Broadening financing options for infrastructure in Emerging Asia


By Kensuke Tanaka, Head of Asia Desk, and Prasiwi Ibrahim, Economist at Asia Desk, OECD Development Centre 

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Kensuke-Prasiwi-AsiaForumAgreeing on the need for new infrastructure is one thing; finding a sustainable way to finance it is another. According to the ADB, an estimated USD 26 trillion (or USD 1.7 trillion per year) will need to be invested in infrastructure in its developing member countries1  between 2016 and 2030 if these economies are to maintain their growth momentum, eradicate poverty and respond to climate change2  .Given the scale of investment needed, countries in the region will not have sufficient funds to meet demand. Indeed, financing infrastructure investment has been a considerable challenge for the region. Political factors can further complicate financing when they lead to the inefficient allocation of public funds. How best to finance infrastructure is, therefore, a key concern for policy makers in the region.

Infrastructure investment entails different types of risks to investors. Risks typically associated with transport projects are cost overruns during construction, delayed completion, general market risks (e.g. interest rate and inflation shocks) and political risk, such as the possibility of a future change in policy direction. These risks arise from the nature of investment inherent in large infrastructure projects that have long periods of gestation (often 10-20 years). To address the risks involved in infrastructure investment, policy makers in OECD countries, for example, are increasingly looking towards public-private partnerships (PPPs). PPPs introduce competition and innovation (financial, technological and managerial) into infrastructure markets and help the parties involved to handle the risks in more efficient ways (OECD 2010). In the Emerging Asia region (Southeast Asia, China and India), increasing private-sector involvement in infrastructure investment in PPPs has been a common approach. In some countries, such as the Philippines and India, centres or units have been established to support and facilitate PPP projects. However, ensuring successful implementation of PPPs is not an easy task. This requires, for instance, appropriate legal and institutional frameworks, proper risks allocation in contracts, and appropriate incentives for the private sector to participate.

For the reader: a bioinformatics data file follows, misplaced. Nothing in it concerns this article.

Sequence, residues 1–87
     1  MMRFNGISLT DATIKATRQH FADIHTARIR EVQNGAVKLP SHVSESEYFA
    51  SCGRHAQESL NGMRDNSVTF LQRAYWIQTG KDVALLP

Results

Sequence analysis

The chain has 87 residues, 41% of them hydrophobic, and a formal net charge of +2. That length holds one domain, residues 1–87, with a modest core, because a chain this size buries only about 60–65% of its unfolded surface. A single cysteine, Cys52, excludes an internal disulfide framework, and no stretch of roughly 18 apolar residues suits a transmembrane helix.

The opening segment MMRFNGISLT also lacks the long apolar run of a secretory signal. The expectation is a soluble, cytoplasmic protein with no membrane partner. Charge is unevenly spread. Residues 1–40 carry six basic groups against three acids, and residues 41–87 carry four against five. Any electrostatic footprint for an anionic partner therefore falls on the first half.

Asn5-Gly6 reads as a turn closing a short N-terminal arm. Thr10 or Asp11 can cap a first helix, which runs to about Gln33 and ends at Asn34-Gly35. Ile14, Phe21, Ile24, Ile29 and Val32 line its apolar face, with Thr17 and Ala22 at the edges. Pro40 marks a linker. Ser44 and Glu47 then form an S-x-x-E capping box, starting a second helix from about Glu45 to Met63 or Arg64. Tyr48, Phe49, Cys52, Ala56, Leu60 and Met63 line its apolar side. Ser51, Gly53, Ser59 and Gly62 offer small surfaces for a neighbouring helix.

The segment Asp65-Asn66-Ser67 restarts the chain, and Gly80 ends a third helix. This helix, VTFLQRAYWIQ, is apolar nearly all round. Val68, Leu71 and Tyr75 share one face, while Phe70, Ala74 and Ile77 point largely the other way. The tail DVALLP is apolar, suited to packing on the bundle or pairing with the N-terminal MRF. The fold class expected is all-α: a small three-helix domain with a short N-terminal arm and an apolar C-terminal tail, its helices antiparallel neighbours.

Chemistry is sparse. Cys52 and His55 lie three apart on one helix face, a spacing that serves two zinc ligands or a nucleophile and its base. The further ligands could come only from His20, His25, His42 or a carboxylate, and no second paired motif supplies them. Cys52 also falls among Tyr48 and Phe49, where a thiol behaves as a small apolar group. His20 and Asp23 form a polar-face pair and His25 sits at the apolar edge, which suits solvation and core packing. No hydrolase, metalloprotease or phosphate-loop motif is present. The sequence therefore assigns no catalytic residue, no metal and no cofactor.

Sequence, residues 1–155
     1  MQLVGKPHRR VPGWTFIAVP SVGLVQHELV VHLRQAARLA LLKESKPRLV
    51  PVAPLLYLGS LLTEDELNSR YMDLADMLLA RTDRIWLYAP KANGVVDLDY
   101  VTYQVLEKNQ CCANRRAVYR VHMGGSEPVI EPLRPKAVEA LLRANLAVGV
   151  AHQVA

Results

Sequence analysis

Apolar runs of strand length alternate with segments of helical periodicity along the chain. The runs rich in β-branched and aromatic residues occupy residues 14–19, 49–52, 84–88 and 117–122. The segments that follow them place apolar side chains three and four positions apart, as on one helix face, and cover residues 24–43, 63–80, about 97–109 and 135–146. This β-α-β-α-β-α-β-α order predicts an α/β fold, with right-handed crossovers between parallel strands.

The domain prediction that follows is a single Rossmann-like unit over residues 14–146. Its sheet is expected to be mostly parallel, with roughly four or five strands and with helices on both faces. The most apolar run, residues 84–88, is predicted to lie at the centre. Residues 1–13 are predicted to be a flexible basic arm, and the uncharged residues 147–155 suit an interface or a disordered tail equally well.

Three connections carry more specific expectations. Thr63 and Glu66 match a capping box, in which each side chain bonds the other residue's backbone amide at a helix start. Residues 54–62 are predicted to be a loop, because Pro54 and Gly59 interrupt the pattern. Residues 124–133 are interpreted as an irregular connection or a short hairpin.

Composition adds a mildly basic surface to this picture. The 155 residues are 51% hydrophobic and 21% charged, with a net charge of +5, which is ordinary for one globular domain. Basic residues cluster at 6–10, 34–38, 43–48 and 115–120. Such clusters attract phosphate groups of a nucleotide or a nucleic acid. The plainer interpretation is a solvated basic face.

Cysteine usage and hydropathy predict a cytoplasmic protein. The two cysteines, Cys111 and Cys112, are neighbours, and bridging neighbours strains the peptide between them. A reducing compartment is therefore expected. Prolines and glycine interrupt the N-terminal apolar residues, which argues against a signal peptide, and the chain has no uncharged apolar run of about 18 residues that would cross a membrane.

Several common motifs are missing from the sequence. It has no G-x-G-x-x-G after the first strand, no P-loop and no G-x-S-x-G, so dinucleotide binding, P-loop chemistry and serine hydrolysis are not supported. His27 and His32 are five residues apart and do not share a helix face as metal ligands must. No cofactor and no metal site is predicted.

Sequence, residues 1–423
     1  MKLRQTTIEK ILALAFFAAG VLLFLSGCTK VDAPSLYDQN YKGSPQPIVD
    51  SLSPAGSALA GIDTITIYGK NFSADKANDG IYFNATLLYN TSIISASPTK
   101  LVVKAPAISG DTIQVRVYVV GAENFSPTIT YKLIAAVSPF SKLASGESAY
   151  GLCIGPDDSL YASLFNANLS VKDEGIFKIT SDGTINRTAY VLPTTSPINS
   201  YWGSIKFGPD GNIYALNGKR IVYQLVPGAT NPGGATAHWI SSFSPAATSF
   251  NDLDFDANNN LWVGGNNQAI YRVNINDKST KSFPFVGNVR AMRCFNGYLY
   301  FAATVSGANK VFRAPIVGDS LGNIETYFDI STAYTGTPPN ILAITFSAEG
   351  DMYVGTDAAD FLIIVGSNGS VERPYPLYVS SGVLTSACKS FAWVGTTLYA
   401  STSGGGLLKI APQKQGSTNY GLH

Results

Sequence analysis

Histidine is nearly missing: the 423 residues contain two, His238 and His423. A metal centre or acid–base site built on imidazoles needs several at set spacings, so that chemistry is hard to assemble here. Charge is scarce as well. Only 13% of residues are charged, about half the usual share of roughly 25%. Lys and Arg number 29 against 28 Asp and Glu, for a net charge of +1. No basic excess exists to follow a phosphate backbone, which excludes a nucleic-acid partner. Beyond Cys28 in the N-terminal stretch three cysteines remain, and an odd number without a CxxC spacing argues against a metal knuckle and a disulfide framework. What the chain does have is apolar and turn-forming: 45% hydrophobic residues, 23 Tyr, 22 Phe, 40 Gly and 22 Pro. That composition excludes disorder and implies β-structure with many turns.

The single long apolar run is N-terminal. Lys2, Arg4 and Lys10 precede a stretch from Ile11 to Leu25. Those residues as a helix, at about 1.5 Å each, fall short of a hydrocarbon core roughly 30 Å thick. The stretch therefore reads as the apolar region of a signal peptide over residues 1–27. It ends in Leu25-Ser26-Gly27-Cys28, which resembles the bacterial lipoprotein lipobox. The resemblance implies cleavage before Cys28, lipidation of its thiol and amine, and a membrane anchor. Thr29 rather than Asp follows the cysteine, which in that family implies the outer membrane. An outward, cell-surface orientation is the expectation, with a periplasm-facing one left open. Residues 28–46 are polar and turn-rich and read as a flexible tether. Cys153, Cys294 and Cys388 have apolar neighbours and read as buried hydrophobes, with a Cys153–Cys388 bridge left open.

Further diversifying financing methods to accelerate infrastructure investment is therefore crucial. Financing approaches through PPPs and private investment may be complemented by the use of public finance, including tax revenues, government debt financing and fiscal loan mechanisms, and the increased use of public incentives for investors. In OECD member countries, a wide range of fiscal instruments have been used to finance infrastructure development, including tax revenues, user charges and public sector borrowing. These options could be further explored in Emerging Asian countries.